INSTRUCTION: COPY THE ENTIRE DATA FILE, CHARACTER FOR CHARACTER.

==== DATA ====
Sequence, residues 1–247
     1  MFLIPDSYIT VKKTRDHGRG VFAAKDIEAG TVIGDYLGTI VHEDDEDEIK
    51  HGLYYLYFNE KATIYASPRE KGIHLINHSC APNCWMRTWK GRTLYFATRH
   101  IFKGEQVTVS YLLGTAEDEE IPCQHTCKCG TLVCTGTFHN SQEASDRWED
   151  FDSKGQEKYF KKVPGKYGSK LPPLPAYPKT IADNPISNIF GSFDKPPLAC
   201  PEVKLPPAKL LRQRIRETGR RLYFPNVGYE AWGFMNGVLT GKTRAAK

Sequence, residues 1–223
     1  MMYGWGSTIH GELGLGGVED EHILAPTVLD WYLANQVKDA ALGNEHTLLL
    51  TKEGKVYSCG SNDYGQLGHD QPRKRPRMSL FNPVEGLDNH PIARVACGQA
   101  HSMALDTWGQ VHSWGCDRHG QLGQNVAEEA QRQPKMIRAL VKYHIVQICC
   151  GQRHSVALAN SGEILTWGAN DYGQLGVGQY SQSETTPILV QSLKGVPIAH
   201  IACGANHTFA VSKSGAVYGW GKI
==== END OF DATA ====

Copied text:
Sequence, residues 1–247
     1  MFLIPDSYIT VKKTRDHGRG VFAAKDIEAG TVIGDYLGTI VHEDDEDEIK
    51  HGLYYLYFNE KATIYASPRE KGIHLINHSC APNCWMRTWK GRTLYFATRH
   101  IFKGEQVTVS YLLGTAEDEE IPCQHTCKCG TLVCTGTFHN SQEASDRWED
   151  FDSKGQEKYF KKVPGKYGSK LPPLPAYPKT IADNPISNIF GSFDKPPLAC
   201  PEVKLPPAKL LRQRIRETGR RLYFPNVGYE AWGFMNGVLT GKTRAAK

Sequence, residues 1–223
     1  MMYGWGSTIH GELGLGGVED EHILAPTVLD WYLANQVKDA ALGNEHTLLL
    51  TKEGKVYSCG SNDYGQLGHD QPRKRPRMSL FNPVEGLDNH PIARVACGQA
   101  HSMALDTWGQ VHSWGCDRHG QLGQNVAEEA QRQPKMIRAL VKYHIVQICC
   151  GQRHSVALAN SGEILTWGAN DYGQLGVGQY SQSETTPILV QSLKGVPIAH
   201  IACGANHTFA VSKSGAVYGW GKI